How to change gear
the correct sequence for changing gear is as follows:
Make sure that it is safe to change gear. Any place where it is necessary to use both hands to steer the car, such as a corner or bend would not be suitable.
Next, ease off the accelerator pedal just prior to depressing the clutch pedal. The two actions are almost simultaneous.
Select the appropriate gear using your left hand while being careful to look ahead and not at the gear lever.
Release the clutch pedal just prior to reapplying pressure to the accelerator pedal with your right foot. Again the two actions are almost simultaneous.
This will dramatically reduce the power being transmitted from the engine to the gearbox, enabling you to select a gear without causing any damage to the gear mechanism.
While it is relatively easy to make slight steering adjustments many manoeuvres require you to turn the car sharply to either the left or to the right. To do this effectively you need to learn the 'pull-push' method of steering.
THE CAR GOES WHERE YOUR EYES GO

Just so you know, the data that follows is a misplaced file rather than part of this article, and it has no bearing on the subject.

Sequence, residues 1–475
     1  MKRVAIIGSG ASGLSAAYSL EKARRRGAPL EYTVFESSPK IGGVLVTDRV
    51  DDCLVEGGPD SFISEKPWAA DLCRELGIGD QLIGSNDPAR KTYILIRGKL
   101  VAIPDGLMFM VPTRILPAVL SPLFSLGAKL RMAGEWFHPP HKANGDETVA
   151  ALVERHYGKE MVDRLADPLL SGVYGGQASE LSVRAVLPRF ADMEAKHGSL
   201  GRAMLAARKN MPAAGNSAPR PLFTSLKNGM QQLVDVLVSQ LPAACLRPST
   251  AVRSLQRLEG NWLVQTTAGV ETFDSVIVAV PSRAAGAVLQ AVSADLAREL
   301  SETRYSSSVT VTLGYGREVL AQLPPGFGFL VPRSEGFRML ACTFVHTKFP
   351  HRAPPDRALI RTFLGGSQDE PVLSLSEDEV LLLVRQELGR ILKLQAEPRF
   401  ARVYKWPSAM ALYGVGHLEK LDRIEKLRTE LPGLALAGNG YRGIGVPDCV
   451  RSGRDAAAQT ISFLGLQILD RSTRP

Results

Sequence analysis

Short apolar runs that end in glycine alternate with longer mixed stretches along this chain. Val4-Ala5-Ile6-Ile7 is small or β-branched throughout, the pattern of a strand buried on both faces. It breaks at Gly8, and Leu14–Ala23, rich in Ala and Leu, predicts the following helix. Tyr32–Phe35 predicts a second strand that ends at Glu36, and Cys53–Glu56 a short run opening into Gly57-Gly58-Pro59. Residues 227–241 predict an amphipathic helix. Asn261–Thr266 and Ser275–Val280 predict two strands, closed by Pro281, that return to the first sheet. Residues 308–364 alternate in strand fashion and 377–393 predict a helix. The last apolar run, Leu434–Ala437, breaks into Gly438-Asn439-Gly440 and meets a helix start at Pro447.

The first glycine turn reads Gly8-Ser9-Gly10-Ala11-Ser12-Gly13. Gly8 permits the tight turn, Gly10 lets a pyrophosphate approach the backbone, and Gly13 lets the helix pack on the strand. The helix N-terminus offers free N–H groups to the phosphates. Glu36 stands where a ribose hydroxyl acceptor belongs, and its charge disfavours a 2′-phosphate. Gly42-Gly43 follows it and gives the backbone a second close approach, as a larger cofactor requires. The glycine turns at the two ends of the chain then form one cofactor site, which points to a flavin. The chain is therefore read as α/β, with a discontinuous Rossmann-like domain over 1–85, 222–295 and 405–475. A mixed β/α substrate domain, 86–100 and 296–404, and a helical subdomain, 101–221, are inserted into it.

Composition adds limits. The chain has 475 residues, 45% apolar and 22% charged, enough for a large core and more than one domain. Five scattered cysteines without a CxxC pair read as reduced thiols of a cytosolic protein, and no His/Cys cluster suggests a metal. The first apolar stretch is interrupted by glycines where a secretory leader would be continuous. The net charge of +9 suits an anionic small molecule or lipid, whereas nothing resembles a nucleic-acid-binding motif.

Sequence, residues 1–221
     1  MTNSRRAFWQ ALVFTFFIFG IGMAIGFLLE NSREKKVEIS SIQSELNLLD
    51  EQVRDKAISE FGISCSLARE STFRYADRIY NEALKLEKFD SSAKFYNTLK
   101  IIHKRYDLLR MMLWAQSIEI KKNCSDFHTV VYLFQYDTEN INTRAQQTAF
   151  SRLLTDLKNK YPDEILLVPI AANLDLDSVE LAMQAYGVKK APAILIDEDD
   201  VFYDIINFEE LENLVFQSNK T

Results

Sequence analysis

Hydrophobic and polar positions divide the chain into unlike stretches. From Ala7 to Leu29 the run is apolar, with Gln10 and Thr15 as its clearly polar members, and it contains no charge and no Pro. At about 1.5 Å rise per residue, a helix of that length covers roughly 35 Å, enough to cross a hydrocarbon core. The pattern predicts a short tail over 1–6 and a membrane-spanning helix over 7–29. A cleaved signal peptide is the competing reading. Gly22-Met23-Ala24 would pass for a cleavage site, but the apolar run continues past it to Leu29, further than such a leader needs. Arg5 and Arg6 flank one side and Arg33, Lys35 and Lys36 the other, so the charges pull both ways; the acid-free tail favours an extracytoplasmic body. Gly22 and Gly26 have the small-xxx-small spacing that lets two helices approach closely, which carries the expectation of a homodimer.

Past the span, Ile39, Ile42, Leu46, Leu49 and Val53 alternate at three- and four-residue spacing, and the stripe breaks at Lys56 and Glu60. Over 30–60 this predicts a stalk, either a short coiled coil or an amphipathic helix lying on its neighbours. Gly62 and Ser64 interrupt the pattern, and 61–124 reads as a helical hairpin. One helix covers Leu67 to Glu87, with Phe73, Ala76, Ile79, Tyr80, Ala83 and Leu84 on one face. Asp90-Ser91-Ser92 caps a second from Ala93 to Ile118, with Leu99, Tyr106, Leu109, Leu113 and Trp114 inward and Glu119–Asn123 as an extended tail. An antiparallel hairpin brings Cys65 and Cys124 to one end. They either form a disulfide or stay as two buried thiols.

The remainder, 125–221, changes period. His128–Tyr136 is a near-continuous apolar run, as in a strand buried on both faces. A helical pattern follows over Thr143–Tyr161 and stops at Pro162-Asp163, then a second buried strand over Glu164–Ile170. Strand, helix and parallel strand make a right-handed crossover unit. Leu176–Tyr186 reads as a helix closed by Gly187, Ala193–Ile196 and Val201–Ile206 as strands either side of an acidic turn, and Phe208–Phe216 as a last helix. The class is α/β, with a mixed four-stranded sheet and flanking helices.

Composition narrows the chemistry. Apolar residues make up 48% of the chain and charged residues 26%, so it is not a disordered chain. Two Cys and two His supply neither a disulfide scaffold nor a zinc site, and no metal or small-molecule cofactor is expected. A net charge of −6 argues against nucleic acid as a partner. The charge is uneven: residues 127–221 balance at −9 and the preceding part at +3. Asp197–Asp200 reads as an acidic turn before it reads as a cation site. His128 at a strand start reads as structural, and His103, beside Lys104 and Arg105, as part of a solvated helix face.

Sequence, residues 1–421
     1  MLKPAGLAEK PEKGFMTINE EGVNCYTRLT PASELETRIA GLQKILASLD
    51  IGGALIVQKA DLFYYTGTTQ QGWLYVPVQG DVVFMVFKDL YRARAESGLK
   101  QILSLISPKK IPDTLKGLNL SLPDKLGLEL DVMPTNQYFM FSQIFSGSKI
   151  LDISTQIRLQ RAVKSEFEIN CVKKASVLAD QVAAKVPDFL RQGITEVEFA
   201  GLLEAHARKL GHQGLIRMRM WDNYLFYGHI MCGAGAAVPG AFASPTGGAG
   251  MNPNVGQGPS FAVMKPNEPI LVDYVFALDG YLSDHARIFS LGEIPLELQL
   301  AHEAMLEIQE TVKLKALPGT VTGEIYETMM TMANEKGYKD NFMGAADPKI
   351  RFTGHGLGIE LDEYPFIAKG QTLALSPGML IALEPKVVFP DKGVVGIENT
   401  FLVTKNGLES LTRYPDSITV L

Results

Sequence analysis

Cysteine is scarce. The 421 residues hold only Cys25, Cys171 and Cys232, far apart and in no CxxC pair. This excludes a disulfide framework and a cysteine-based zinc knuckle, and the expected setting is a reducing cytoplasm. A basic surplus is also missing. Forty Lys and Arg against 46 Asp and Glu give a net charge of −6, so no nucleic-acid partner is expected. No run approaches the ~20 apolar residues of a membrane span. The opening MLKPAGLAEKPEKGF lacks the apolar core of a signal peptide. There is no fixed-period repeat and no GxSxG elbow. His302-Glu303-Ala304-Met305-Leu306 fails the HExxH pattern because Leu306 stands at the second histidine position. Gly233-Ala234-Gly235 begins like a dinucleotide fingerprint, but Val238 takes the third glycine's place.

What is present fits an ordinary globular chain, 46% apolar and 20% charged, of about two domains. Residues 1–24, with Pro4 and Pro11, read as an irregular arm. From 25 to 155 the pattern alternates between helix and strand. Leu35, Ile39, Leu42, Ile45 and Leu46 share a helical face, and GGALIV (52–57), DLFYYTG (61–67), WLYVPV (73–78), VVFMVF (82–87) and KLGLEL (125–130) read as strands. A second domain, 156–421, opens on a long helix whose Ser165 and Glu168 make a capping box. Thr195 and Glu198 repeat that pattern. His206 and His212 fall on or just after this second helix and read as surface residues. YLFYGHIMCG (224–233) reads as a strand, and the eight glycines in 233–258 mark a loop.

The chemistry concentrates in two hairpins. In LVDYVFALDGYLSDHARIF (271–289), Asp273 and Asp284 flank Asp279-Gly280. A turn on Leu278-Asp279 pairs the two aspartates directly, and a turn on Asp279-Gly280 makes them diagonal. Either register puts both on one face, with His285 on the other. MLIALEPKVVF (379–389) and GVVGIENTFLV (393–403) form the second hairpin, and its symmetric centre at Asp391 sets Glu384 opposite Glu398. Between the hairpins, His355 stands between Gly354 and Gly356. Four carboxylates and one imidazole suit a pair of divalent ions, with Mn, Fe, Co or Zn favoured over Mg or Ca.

The handbrake is used to hold the car still after it has stopped.
Because the handbrake is only connected to two wheels it should not be used when the car is moving.
To apply the handbrake press the button with your thumb and pull the lever upwards as far as it will go and then release the button. To release the handbrake press the button in and push the lever down.
The steering wheel
The steering wheel is used to turn the front wheels when changing direction. You should normally hold the wheel with your hands in the 'ten to two position' or the 'quarter to three position'. Most control is gained when the 'pull and push' method is used to turn the wheel.
What is probably the most important rule about steering may not seem obvious. When driving you not only steer with your hands, but also with your eyes. You do this by looking where you want the car to go, this in turn will tell your brain what to do with your hands and steer accordingly. Your peripheral vision (i.e. your vision to the sides) helps you to keep your road position.
This method ensures that you keep both hands in contact with the wheel at all times and that the wheel is never allowed to spin out of control. Once the wheels are fully turned left or right this is known as full lock.